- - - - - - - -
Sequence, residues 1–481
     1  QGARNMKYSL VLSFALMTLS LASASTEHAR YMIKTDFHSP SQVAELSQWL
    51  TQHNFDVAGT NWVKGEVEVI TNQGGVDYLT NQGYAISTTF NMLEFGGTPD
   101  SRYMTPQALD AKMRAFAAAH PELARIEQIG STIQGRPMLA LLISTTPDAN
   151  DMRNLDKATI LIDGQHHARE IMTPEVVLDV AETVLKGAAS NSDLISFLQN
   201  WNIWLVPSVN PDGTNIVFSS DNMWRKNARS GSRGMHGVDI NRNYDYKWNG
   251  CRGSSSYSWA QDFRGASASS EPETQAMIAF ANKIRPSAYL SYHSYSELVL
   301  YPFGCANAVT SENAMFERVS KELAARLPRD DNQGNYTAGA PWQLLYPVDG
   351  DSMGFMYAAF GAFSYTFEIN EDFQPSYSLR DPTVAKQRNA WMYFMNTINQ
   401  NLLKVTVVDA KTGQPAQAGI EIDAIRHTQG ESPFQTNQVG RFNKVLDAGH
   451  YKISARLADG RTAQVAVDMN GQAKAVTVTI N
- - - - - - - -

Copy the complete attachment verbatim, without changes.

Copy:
Sequence, residues 1–481
     1  QGARNMKYSL VLSFALMTLS LASASTEHAR YMIKTDFHSP SQVAELSQWL
    51  TQHNFDVAGT NWVKGEVEVI TNQGGVDYLT NQGYAISTTF NMLEFGGTPD
   101  SRYMTPQALD AKMRAFAAAH PELARIEQIG STIQGRPMLA LLISTTPDAN
   151  DMRNLDKATI LIDGQHHARE IMTPEVVLDV AETVLKGAAS NSDLISFLQN
   201  WNIWLVPSVN PDGTNIVFSS DNMWRKNARS GSRGMHGVDI NRNYDYKWNG
   251  CRGSSSYSWA QDFRGASASS EPETQAMIAF ANKIRPSAYL SYHSYSELVL
   301  YPFGCANAVT SENAMFERVS KELAARLPRD DNQGNYTAGA PWQLLYPVDG
   351  DSMGFMYAAF GAFSYTFEIN EDFQPSYSLR DPTVAKQRNA WMYFMNTINQ
   401  NLLKVTVVDA KTGQPAQAGI EIDAIRHTQG ESPFQTNQVG RFNKVLDAGH
   451  YKISARLADG RTAQVAVDMN GQAKAVTVTI N